But, it all has been a part of the adventure; the good, the great, the stupendous and, the occasional not so nice. 

He was well aware of us in the road, Suddenly, he decided he had enough of our prying eyes and camera. We took a video when he turned toward us appearing angry and clearly wanting us to leave. We’ll post the video as soon as we can get a strong enough signal to download it to YouTube.

The next morning at breakfast we’re comfortably situated in the outdoor dining area in the exquisite resort, The Blyde River Canyon Lodge, as I attempt to complete this post with a slightly improved WiFi signal when closer to the main office of the resort.

The elephant had enough of us and backed up onto the road at a good pace in our direction. Tom quickly responded, backing up as fast as possible. Although we were at a safe distance (so we thought), it was time to get out of his view. Our upcoming video will more clearly explain what transpired.

Our photos of the drive through Kruger Park will illustrate the magnificence of our “self-drive” safari.  Going at our own pace, stopping for as long or as little as we chose, backing up on the road if we missed something, stopping to check the tire pressure” behind a bush, all contributed to the quality of the experience.

Satisfied that we were out of his way, he completed his goal of moving to the left side of the road. We waited for several minutes and then continued on our way.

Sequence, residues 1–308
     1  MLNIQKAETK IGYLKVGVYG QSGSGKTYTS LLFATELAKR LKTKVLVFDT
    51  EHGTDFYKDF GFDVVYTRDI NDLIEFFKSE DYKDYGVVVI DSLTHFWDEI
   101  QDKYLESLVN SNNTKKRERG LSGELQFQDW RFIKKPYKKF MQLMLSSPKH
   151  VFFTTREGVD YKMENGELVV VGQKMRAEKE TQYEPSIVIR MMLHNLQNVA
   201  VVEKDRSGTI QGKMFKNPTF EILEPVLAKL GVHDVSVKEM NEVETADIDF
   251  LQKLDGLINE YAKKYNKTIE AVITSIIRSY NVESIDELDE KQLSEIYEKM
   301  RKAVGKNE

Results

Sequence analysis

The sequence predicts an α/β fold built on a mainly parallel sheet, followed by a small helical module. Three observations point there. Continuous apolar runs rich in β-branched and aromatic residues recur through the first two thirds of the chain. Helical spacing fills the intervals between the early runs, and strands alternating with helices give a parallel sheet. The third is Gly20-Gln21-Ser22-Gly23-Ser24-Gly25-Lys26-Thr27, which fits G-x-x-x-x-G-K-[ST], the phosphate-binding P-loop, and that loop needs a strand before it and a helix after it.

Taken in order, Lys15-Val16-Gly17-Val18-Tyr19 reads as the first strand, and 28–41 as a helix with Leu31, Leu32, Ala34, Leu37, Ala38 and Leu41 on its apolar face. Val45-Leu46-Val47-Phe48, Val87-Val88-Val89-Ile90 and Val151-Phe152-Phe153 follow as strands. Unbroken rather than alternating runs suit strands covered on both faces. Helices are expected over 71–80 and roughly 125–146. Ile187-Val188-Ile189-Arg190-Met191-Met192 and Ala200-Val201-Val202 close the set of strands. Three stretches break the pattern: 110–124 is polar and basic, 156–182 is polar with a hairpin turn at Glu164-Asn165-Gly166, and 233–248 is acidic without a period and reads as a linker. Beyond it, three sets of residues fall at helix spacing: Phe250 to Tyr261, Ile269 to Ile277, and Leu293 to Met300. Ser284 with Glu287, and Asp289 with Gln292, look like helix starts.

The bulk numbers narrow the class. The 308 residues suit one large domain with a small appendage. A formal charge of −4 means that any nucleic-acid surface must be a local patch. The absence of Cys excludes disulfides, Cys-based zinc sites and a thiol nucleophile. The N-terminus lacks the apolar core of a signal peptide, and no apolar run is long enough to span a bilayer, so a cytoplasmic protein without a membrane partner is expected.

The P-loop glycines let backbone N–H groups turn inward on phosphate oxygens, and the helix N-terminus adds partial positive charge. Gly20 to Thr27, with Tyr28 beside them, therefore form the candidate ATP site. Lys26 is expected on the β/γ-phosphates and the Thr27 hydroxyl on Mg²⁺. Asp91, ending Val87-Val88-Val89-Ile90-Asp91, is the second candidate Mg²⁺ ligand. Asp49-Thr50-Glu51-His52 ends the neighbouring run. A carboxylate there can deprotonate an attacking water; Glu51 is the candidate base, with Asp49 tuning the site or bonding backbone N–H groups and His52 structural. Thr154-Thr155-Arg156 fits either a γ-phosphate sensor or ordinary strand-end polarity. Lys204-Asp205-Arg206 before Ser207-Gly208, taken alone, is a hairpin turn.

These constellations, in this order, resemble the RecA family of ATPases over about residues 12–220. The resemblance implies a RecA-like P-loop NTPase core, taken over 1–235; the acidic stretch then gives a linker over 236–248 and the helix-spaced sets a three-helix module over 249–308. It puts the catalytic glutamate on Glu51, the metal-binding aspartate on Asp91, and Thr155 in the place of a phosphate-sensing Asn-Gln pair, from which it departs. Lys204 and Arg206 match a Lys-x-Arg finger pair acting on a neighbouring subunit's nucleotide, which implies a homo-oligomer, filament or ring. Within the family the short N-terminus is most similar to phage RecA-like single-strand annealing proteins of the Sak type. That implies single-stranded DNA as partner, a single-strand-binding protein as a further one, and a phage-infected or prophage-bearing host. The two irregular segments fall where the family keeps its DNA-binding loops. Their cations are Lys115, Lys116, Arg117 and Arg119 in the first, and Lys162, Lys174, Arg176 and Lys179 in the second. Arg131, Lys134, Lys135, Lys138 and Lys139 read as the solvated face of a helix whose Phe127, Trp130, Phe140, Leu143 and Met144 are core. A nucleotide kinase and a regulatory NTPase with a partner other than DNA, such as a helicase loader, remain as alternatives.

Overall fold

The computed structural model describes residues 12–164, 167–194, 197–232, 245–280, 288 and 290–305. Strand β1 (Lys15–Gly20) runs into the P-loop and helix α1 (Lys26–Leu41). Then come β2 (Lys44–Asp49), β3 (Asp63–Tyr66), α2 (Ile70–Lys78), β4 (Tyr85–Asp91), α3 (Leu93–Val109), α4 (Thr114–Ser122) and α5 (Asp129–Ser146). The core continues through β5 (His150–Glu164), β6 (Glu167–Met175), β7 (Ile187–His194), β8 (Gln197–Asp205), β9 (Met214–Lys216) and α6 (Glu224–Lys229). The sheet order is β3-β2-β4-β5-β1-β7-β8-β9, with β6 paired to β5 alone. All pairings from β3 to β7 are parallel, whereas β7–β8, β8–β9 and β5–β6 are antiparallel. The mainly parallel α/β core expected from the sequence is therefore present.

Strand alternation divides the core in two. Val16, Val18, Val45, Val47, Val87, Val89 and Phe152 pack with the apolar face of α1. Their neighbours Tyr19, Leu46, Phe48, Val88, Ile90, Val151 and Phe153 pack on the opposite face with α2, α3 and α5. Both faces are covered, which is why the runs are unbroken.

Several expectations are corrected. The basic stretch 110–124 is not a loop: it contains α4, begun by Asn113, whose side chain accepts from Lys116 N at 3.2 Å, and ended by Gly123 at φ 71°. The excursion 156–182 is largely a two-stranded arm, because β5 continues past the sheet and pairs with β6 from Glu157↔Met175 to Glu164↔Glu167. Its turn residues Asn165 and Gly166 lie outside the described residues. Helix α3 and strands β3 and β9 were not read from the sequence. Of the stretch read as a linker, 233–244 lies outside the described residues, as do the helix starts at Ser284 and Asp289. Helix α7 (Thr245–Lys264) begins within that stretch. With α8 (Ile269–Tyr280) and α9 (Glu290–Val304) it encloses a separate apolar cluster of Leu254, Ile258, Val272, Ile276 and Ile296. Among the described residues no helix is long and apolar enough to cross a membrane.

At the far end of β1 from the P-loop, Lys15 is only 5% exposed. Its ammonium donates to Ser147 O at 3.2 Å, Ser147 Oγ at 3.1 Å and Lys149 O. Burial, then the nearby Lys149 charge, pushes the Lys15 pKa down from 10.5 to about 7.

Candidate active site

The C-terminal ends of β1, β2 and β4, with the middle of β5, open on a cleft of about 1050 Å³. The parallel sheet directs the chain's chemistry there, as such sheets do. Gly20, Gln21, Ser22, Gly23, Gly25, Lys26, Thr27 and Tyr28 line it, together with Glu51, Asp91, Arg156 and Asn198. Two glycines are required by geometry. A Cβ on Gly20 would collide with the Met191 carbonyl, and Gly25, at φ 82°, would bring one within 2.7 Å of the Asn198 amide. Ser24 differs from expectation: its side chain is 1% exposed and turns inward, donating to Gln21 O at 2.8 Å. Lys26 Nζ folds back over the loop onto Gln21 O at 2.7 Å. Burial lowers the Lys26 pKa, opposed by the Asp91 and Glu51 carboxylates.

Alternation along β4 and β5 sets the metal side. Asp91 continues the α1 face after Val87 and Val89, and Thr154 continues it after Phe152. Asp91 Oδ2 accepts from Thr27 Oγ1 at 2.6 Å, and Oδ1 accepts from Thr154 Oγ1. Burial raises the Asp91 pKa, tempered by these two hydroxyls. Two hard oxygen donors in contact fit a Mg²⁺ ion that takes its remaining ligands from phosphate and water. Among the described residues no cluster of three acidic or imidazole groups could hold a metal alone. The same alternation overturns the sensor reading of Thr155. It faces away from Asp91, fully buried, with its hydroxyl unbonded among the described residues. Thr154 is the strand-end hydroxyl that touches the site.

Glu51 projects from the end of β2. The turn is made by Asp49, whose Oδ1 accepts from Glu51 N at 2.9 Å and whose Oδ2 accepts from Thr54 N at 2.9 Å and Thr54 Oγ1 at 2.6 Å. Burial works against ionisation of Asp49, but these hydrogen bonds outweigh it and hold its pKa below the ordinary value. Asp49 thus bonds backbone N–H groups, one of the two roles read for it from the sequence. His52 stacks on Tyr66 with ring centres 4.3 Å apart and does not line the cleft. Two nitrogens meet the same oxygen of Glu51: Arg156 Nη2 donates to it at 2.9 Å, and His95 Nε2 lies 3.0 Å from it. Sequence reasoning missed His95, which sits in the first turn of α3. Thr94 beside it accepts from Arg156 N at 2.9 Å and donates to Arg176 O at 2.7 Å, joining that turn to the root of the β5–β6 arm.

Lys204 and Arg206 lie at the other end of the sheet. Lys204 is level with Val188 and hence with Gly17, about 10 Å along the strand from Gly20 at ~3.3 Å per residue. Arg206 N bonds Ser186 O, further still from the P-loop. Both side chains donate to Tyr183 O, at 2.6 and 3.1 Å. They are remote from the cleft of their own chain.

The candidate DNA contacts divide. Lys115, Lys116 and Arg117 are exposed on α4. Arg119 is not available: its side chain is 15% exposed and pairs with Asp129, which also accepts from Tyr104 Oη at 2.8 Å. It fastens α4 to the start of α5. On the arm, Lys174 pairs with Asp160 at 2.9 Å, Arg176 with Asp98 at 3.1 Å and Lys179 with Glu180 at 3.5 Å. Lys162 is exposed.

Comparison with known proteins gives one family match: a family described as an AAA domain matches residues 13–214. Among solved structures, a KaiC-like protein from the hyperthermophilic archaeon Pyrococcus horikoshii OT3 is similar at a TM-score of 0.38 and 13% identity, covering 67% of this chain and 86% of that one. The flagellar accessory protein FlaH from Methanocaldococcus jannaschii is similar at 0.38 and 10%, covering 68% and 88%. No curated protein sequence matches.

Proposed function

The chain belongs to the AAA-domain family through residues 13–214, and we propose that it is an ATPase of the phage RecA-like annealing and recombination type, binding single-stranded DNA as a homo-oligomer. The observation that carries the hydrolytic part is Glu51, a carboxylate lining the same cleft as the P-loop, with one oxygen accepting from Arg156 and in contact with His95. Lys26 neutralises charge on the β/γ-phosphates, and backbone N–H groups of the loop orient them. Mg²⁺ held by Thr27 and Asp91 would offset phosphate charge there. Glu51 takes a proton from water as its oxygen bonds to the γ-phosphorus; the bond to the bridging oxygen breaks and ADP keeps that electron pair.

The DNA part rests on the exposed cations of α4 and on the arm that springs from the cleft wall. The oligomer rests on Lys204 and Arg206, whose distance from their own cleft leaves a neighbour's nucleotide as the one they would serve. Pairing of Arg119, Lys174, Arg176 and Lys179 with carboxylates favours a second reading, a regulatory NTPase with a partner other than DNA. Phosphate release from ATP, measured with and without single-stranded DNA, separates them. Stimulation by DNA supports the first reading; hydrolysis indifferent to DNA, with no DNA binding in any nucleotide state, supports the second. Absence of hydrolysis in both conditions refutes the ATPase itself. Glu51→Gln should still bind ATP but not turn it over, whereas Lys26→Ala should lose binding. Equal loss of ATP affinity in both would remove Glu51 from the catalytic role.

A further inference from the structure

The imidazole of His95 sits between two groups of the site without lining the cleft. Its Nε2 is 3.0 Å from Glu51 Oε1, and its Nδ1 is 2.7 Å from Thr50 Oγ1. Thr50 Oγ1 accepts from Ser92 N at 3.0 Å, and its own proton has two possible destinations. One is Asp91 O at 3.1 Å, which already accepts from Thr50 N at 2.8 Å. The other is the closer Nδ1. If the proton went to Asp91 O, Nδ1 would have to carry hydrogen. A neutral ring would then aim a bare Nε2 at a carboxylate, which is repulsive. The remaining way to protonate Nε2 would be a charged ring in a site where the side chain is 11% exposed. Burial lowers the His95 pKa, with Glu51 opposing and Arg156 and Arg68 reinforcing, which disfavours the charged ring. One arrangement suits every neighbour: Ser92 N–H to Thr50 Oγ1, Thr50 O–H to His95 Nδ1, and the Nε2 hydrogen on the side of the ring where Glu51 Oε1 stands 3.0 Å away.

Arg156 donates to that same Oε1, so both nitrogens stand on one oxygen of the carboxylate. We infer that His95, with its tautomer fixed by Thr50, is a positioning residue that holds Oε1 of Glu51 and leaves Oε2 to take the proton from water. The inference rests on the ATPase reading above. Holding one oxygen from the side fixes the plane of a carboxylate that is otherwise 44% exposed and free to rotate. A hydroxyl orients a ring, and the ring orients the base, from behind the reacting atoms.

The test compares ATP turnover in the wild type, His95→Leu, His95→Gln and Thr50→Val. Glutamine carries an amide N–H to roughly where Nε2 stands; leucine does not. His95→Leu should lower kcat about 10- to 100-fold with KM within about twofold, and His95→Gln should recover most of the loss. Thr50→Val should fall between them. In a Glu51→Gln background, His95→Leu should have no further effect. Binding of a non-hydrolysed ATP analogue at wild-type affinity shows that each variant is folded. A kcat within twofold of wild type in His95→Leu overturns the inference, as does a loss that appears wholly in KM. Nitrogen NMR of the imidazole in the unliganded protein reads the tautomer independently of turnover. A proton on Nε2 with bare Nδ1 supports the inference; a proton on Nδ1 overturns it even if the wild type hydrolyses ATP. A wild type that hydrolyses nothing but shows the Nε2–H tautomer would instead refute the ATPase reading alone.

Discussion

He never took his eyes off of us as we drove past him continuing on our way. We both agreed that having this experience alone would satisfy us for the day.  Little did we know what was yet to come an hour further down the road, all of which we’ll share tomorrow.

Adding Mother Nature’s cooperation and “safari luck” to the mix, you’ll see from these photos what I’m talking about. We didn’t need a “Big 5” experience. We only needed to have fun and that, dear readers, is exactly what we did.

No more than minutes later, we encountered this family of monkeys playing in the road with their offspring.  Their playful antics made us laugh.

Again, as we enjoy yet another three-day trip we’ll produce lots more photos that it will most likely take many days to share. So please bear with us, as we work our way through. The slow WiFi signal definitely impedes our ability to post dozens of photos in one post.

Nothing like a baby monkey kissing the ground. LOL.

Tomorrow, we’ll be back to more of the adventures of our lives, lived to the fullest, including more Kruger Park photos and, taking a walk with an elephant’s truck in our hands, an elephant “kissing” our necks using the end of his trunk and much more.

Thanks for your patience.

Road trip tomorrow…Three night stay in Blyde River Canyon…Kruger Park…Panorama Route..Plus more new photos…

One of few female kudus we’ve seen since our arrival when we found a small herd along the side of the road on our way to the water store, Credence Clearwater, to buy refills.